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Steel and Composite Structures
  Volume 35, Number 4, May25 2020, pages 475-494
DOI: http://dx.doi.org/10.12989/scs.2020.35.4.475
 


Experimental investigation of shear connector behaviour in composite beams with metal decking
Jawed Qureshi and Dennis Lam

 
Abstract
    Presented are experimental results from 24 full-scale push test specimens to study the behaviour of composite beams with trapezoidal profiled sheeting laid transverse to the beam axis. The tests use a single-sided horizontal push test setup and are divided into two series. First series contained shear loading only and the second had normal load besides shear load. Four parameters are studied: the effect of wire mesh position and number of its layers, placing a reinforcing bar at the bottom flange of the deck, normal load and its position, and shear stud layout. The results indicate that positioning mesh on top of the deck flange or 30 mm from top of the concrete slab does not affect the stud\' s s strength and ductility. Thus, existing industry practice of locating the mesh at a nominal cover from top of the concrete slab and Eurocode 4 requirement of placing mesh 30 mm below the stud\' s head are both acceptable. Double mesh layer resulted in 17% increase in stud strength for push tests with single stud per rib. Placing a T16 bar at the bottom of the deck rib did not affect shear stud behaviour. The normal load resulted in 40% and 23% increase in stud strength for single and double studs per rib. Use of studs only in the middle three ribs out of five increased the strength by 23% compared to the layout with studs in first four ribs. Eurocode 4 and Johnson and Yuan equations predicted well the stud strength for single stud/rib tests without normal load, with estimations within 10% of the characteristic experimental load. These equations highly under-estimated the stud capacity, by about 40-50%, for tests with normal load. AISC 360-16 generally over-estimated the stud capacity, except for single stud/rib push tests with normal load. Nellinger equations precisely predicted the stud resistance for push tests with normal load, with ratio of experimental over predicted load as 0.99 and coefficient of variation of about 8%. But, Nellinger method over-estimated the stud capacity by about 20% in push tests with single studs without normal load.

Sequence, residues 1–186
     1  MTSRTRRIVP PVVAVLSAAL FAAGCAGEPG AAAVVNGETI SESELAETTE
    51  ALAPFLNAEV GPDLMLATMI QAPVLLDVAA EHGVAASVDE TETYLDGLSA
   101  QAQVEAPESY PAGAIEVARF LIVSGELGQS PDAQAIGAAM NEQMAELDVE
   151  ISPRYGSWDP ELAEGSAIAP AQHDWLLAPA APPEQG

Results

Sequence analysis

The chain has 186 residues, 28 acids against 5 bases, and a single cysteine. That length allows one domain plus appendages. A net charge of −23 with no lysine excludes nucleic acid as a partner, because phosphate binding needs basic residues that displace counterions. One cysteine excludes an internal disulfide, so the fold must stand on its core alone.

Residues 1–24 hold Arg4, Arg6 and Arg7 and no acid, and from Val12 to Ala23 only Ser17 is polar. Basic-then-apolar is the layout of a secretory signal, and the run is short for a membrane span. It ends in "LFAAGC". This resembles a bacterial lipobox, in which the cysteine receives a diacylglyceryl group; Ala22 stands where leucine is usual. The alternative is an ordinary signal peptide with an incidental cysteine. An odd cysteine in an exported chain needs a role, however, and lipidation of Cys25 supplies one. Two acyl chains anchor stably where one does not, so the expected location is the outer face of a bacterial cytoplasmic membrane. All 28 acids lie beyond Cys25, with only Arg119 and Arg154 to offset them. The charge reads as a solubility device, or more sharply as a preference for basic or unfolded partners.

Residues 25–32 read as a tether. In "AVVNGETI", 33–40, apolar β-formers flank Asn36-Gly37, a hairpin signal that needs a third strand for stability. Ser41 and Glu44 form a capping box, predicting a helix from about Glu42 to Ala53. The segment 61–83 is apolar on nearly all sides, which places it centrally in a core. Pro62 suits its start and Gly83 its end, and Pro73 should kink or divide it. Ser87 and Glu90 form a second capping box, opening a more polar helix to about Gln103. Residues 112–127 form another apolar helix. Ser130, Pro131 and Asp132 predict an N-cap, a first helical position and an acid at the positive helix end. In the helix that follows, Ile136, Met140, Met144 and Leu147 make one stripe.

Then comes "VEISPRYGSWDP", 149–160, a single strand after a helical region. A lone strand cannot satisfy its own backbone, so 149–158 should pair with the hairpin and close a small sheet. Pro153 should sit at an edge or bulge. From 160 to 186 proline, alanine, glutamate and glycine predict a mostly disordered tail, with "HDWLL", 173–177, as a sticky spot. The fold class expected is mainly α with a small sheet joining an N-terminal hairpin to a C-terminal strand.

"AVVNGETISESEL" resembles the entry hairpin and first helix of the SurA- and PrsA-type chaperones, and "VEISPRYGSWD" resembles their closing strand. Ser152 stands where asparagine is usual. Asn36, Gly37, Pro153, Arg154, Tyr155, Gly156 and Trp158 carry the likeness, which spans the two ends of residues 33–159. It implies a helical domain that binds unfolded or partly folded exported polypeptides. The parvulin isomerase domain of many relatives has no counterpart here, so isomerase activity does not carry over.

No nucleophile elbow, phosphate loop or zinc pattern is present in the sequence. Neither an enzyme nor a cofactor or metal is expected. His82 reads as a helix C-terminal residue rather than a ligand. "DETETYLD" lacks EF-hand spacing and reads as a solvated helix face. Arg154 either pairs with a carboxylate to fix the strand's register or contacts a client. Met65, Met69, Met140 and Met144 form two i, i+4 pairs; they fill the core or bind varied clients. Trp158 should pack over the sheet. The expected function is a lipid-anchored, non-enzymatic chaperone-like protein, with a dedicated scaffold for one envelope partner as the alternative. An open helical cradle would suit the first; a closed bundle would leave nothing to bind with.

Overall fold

Key Words
    push test; shear stud layout; wire mesh; composite secondary beams; metal decking
 
Address
Jawed Qureshi: School of Architecture, Computing and Engineering (ACE), University of East London,
4-6 University Way, Beckton, London, E16 2RD, UK
Dennis Lam: School of Engineering, University of Bradford, Bradford, BD7 1DP, UK
 

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